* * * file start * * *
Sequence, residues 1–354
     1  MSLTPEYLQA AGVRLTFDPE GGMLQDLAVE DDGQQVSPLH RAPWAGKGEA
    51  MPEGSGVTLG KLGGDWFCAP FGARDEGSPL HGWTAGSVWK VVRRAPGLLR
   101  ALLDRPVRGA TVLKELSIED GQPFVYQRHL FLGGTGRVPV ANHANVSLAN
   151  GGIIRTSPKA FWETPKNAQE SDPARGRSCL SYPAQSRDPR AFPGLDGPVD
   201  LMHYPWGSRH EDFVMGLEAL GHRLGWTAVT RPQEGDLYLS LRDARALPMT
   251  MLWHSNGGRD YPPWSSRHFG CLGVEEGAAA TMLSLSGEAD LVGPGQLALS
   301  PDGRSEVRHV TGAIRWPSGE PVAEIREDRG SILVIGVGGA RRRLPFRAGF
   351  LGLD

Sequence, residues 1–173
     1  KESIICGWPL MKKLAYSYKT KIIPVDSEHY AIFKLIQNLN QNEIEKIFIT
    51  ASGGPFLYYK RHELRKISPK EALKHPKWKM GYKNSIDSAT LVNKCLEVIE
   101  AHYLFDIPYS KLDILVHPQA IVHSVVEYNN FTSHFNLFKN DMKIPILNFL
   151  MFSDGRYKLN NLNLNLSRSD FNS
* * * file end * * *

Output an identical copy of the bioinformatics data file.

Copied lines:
Sequence, residues 1–354
     1  MSLTPEYLQA AGVRLTFDPE GGMLQDLAVE DDGQQVSPLH RAPWAGKGEA
    51  MPEGSGVTLG KLGGDWFCAP FGARDEGSPL HGWTAGSVWK VVRRAPGLLR
   101  ALLDRPVRGA TVLKELSIED GQPFVYQRHL FLGGTGRVPV ANHANVSLAN
   151  GGIIRTSPKA FWETPKNAQE SDPARGRSCL SYPAQSRDPR AFPGLDGPVD
   201  LMHYPWGSRH EDFVMGLEAL GHRLGWTAVT RPQEGDLYLS LRDARALPMT
   251  MLWHSNGGRD YPPWSSRHFG CLGVEEGAAA TMLSLSGEAD LVGPGQLALS
   301  PDGRSEVRHV TGAIRWPSGE PVAEIREDRG SILVIGVGGA RRRLPFRAGF
   351  LGLD

Sequence, residues 1–173
     1  KESIICGWPL MKKLAYSYKT KIIPVDSEHY AIFKLIQNLN QNEIEKIFIT
    51  ASGGPFLYYK RHELRKISPK EALKHPKWKM GYKNSIDSAT LVNKCLEVIE
   101  AHYLFDIPYS KLDILVHPQA IVHSVVEYNN FTSHFNLFKN DMKIPILNFL
   151  MFSDGRYKLN NLNLNLSRSD FNS